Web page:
• Plan design — 401(k) plan design, simply put, is unlocking hidden opportunities in the tax code to increase contributions and save on taxes. This is specific to each business and is completely able to be tailored.
  • Investment policy statement — The purpose of an investment policy statement (IPS) is to assist the investment committee in effectively supervising, monitoring, and evaluating the management of the retirement plan.
  • Discretion and monitoring of investment options — The monitoring process considers the performance of the investment options, but also the fees charged, the information and disclosures made available, and any changes that have occurred with the investment fund (such as a change in fund manager).
  • Participant communication and education — 401(k) investment education can be categorized as follows: (1) plan menu disclosures, (2) investment concepts, and (3) allocation decision support. Plan menu disclosures summarize information and related disclosures regarding the plans menu of investment options. Investment concepts include education on general financial and investment concepts. Finally, allocation decision support provides a suggested decision making process to help participant make a sound investment.
  • Fiduciary oversight — Will your corporate retirement specialist sign on as a 3(21) or 3(38) co-fiduciary?

Ronald L. Phelps is senior vice president, wealth advisor, portfolio management director, and senior investment management consultant for The Phelps Group at Morgan Stanley Wealth Management in Madison.

The Phelps Group at Morgan Stanley is a Financial Advisor with the Global Wealth Management Division of Morgan Stanley in Madison, WI. The information contained in this article is not a solicitation to purchase or sell investments. Any information presented is general in nature and not intended to provide individually tailored investment advice. The strategies and/or investments referenced may not be suitable for all investors as the appropriateness of a particular investment or strategy will depend on an investor’s individual circumstances and objectives. Investing involves risks and there is always the potential of losing money when you invest. The views expressed herein are those of the author and may not necessarily reflect the views of Morgan Stanley Smith Barney LLC, Member SIPC, or its affiliates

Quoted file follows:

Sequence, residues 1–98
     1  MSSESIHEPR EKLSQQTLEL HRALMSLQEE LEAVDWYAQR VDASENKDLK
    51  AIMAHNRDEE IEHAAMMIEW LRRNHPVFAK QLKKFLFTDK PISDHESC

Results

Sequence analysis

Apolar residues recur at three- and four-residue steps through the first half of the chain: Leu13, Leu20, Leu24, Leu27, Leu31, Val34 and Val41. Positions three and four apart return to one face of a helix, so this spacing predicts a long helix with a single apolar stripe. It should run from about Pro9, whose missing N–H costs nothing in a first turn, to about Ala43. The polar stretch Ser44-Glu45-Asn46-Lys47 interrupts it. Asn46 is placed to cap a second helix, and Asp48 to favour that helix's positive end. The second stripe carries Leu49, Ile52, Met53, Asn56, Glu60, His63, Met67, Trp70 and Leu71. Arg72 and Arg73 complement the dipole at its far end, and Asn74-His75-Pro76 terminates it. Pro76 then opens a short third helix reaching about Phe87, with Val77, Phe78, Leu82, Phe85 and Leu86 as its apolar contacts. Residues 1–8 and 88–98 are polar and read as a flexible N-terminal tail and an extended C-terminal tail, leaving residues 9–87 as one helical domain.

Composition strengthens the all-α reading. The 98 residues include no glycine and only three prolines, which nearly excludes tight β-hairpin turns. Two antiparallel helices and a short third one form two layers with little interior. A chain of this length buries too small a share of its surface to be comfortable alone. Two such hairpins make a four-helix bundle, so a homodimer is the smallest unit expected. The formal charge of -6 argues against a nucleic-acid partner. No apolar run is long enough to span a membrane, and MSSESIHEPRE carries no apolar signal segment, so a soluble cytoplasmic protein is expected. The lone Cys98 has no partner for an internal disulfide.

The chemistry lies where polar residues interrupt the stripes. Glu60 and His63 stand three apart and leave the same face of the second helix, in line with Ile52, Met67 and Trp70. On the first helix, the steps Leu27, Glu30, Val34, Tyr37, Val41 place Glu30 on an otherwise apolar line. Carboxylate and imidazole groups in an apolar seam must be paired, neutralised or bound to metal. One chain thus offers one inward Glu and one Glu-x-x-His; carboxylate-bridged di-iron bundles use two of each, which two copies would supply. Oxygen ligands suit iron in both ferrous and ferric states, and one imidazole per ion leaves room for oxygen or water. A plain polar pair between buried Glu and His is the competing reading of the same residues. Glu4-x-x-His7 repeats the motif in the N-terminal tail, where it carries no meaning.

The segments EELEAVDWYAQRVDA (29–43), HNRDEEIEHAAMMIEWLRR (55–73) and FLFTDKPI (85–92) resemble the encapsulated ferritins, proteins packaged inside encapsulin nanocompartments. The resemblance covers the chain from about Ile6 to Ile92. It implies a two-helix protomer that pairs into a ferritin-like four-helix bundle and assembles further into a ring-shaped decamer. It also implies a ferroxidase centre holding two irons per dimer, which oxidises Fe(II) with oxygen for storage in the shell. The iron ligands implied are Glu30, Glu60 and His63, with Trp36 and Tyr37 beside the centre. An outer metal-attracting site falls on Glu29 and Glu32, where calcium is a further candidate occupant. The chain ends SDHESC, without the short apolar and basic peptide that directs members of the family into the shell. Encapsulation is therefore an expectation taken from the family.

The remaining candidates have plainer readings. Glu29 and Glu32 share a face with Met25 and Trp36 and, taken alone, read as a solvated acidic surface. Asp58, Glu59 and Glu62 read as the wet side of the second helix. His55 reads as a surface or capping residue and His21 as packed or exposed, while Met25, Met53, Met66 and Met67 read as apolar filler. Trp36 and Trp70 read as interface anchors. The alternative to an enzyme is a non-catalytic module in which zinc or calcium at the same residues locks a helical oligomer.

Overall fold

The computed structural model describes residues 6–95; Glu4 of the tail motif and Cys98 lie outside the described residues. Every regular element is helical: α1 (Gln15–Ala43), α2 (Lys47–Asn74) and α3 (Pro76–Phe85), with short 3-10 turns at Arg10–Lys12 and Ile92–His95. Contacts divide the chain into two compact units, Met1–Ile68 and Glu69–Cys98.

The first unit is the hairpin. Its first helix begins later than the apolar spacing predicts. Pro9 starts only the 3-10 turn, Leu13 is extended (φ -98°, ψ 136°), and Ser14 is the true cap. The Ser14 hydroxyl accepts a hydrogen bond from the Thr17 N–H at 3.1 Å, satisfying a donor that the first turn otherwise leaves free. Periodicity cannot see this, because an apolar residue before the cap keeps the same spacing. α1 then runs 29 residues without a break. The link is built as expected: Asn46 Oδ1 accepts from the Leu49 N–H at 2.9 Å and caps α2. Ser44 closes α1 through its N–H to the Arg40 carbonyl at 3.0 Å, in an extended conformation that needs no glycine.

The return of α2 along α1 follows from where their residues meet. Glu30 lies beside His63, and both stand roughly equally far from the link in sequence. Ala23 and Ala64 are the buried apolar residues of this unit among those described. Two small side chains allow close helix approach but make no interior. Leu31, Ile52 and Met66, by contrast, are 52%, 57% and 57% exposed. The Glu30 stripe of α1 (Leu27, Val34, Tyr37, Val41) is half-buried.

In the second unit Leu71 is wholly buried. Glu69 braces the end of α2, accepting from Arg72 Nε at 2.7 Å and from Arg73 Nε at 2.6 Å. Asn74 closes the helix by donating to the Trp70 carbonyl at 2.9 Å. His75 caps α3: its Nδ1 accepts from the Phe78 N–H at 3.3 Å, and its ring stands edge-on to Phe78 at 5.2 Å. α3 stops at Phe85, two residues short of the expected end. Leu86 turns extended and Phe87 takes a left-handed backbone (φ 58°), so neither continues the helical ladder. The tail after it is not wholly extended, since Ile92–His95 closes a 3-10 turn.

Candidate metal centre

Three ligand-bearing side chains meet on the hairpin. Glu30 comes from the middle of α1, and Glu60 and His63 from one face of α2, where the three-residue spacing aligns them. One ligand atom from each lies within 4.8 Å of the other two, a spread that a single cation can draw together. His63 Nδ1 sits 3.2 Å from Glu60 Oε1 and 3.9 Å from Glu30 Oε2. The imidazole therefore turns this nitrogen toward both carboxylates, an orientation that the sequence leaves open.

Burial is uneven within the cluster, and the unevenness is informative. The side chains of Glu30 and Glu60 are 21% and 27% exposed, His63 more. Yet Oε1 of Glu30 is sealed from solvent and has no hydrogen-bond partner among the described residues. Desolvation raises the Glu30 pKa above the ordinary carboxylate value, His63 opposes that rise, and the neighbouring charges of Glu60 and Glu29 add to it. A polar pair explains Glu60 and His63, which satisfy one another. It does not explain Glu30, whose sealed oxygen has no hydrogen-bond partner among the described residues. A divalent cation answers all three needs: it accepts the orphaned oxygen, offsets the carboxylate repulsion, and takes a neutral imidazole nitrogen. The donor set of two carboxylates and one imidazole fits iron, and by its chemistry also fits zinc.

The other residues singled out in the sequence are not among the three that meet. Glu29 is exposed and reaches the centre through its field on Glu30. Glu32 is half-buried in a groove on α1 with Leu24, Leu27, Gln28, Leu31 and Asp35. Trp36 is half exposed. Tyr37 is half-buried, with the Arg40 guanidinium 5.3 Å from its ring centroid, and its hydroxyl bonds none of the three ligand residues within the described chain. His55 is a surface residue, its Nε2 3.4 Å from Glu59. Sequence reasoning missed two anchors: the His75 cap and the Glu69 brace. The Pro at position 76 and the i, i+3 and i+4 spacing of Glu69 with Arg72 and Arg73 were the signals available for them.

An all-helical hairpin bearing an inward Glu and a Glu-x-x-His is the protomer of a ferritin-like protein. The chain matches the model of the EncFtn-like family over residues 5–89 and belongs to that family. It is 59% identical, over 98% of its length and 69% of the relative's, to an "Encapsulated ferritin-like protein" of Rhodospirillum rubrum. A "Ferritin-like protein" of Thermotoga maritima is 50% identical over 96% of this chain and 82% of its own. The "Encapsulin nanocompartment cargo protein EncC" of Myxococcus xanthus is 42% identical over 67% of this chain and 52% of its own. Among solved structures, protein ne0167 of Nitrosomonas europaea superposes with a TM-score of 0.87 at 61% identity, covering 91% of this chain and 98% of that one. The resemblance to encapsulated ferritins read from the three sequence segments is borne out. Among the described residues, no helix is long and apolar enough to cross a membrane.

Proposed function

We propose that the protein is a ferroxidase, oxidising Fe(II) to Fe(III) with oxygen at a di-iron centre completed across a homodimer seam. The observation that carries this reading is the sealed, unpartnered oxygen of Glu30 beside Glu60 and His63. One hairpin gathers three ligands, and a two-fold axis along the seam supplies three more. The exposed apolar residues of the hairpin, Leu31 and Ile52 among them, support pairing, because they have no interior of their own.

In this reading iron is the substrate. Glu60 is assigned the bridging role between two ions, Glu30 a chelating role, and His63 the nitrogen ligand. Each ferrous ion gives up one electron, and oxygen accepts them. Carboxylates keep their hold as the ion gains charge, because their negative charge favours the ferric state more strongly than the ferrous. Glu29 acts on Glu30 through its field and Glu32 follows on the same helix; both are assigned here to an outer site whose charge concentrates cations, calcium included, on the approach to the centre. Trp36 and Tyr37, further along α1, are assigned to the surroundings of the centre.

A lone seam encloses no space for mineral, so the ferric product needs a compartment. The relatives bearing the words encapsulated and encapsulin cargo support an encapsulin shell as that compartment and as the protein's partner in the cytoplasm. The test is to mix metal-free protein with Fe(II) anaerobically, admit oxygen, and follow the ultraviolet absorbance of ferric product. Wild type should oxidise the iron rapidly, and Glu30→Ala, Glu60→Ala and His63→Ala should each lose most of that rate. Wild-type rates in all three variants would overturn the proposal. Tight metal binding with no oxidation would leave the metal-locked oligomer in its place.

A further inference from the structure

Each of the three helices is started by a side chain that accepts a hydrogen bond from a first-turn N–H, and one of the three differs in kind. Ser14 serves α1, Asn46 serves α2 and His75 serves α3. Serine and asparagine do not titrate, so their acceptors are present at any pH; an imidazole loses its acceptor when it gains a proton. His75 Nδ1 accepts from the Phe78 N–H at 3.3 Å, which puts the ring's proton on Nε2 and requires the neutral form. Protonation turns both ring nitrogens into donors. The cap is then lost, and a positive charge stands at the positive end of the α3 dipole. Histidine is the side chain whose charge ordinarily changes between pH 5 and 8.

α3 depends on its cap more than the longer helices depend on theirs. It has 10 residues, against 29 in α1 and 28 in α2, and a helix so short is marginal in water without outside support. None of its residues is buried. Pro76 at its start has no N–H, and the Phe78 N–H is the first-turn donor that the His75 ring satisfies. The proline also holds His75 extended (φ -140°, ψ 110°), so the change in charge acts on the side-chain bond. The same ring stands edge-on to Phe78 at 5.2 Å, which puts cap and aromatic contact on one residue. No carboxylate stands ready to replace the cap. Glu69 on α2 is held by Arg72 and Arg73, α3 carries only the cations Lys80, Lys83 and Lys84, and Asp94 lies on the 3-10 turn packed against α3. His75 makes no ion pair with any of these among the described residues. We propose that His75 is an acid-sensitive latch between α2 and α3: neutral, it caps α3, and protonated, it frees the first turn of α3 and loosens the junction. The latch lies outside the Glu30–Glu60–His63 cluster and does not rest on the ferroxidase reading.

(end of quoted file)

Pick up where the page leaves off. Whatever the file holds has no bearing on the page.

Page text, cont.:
Tax laws are complex and subject to change. Morgan Stanley Smith Barney LLC (“Morgan Stanley”), its affiliates and Morgan Stanley Financial Advisors and Private Wealth Advisors do not provide tax or legal advice and are not “fiduciaries” (under ERISA, the Internal Revenue Code or otherwise) with respect to the services or activities described herein except as otherwise provided in a written agreement with Morgan Stanley. Individuals are encouraged to consult their tax and legal advisors (a) before establishing a retirement plan or account, and (b) regarding any potential tax, ERISA and related consequences of any investments made under such plan or account.

Morgan Stanley Smith Barney LLC, member SIPC.